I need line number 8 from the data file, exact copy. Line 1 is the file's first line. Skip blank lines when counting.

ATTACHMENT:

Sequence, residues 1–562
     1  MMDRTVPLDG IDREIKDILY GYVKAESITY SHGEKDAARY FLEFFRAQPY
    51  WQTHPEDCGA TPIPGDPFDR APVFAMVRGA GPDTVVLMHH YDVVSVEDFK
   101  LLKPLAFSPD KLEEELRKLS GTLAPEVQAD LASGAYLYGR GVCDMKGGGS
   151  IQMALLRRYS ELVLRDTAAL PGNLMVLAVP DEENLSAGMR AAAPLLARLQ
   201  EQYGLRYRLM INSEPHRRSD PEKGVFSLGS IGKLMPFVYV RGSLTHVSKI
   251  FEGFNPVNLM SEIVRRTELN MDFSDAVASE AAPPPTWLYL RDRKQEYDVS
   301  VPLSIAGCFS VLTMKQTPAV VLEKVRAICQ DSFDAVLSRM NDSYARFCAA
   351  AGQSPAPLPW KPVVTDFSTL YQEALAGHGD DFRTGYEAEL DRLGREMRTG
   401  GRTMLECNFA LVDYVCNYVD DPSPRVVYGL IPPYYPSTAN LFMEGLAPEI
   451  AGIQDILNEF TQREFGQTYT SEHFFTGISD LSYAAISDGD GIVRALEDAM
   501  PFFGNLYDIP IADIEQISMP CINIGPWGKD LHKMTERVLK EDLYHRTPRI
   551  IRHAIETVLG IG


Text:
   301  VPLSIAGCFS VLTMKQTPAV VLEKVRAICQ DSFDAVLSRM NDSYARFCAA